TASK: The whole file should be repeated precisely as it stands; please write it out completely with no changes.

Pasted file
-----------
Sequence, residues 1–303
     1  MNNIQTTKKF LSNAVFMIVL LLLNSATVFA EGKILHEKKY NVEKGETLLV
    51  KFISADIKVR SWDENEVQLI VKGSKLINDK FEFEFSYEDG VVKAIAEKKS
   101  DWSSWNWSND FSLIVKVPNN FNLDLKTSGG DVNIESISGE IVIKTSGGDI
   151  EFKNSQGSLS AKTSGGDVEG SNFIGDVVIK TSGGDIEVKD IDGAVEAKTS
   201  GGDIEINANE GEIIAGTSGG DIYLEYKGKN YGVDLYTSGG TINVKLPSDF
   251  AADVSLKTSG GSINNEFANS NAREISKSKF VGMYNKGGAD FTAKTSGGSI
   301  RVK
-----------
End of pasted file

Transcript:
Sequence, residues 1–303
     1  MNNIQTTKKF LSNAVFMIVL LLLNSATVFA EGKILHEKKY NVEKGETLLV
    51  KFISADIKVR SWDENEVQLI VKGSKLINDK FEFEFSYEDG VVKAIAEKKS
   101  DWSSWNWSND FSLIVKVPNN FNLDLKTSGG DVNIESISGE IVIKTSGGDI
   151  EFKNSQGSLS AKTSGGDVEG SNFIGDVVIK TSGGDIEVKD IDGAVEAKTS
   201  GGDIEINANE GEIIAGTSGG DIYLEYKGKN YGVDLYTSGG TINVKLPSDF
   251  AADVSLKTSG GSINNEFANS NAREISKSKF VGMYNKGGAD FTAKTSGGSI
   301  RVK